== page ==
A Governance Dividend for Sub-Saharan Africa?
44 Pages Posted: 13 Feb 2019
Date Written: January 2019
Countries in Sub-Saharan Africa (SSA) tend to lag those in most other regions in terms of governance and perceptions of corruption. Weak governance undermines economic performance through various channels, including deficiencies in government functions and distortions to economic incentives. It thus stands to reason that SSA countries could strengthen their economic performance by improving governance and reducing corruption.This paper estimates that strengthening governance and mitigating corruption in the region could be associated with large growth dividends in the long run. While the process would take considerable time and effort, moving the average SSA country governance level to the global average could increase the region's GDP per capita growth by about 1-2 percentage points.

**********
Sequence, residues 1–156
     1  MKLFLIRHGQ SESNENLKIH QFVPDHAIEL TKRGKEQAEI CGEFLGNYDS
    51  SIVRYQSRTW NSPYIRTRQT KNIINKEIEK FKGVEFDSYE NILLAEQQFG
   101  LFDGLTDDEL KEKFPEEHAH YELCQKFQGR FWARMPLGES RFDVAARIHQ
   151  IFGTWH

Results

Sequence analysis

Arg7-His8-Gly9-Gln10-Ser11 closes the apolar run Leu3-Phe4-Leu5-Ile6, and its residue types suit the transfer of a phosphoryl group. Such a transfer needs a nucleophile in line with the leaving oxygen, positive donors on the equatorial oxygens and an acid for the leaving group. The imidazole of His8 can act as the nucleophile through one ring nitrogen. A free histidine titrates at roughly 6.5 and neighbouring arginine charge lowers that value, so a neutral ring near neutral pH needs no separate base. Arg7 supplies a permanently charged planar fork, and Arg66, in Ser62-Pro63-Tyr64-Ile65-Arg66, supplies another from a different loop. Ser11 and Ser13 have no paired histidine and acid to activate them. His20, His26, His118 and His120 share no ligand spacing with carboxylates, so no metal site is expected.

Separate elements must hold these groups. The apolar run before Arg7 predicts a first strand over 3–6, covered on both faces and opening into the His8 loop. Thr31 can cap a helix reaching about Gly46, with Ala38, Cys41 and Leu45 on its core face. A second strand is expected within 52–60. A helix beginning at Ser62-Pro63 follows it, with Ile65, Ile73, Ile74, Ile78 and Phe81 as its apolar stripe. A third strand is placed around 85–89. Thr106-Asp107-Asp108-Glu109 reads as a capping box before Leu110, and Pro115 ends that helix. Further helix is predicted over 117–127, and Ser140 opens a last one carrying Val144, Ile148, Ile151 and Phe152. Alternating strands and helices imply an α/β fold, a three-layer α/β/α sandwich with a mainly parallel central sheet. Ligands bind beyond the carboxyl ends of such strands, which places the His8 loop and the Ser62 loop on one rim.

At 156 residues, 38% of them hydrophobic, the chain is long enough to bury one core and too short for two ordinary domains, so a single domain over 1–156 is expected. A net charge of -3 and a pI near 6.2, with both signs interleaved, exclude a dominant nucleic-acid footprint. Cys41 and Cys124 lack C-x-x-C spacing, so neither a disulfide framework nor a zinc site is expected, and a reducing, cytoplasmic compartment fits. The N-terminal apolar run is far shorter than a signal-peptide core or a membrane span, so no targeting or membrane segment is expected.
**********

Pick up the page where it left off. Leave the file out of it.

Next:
Keywords: Zambia, Zimbabwe, Congo, Democratic Republic of the, Congo, Republic of, Rwanda, Senegal, Seychelles, Sierra Leone, South Africa, Sub-Saharan Africa, Sudan, Swaziland, Tanzania, Togo, Uganda, Kenya, Mauritius, Mozambique, Namibia, Niger, Nigeria, Angola, Djibouti, Equatorial Guinea, Eritrea, Ethiopia, Benin, Botswana, Burkina Faso, Burundi, Cameroon, Central African Republic, Chad, Comoros, Corruption, Lesotho, Liberia, Madagascar, Malawi, Mali, Mauritania, Gabon, Gambia, The, Ghana, Governance, Guinea, Guinea-Bissau, Institutions, Economic Growth, Institutions and Growth
JEL Classification: D73, O43, P48
Suggested Citation: Suggested Citation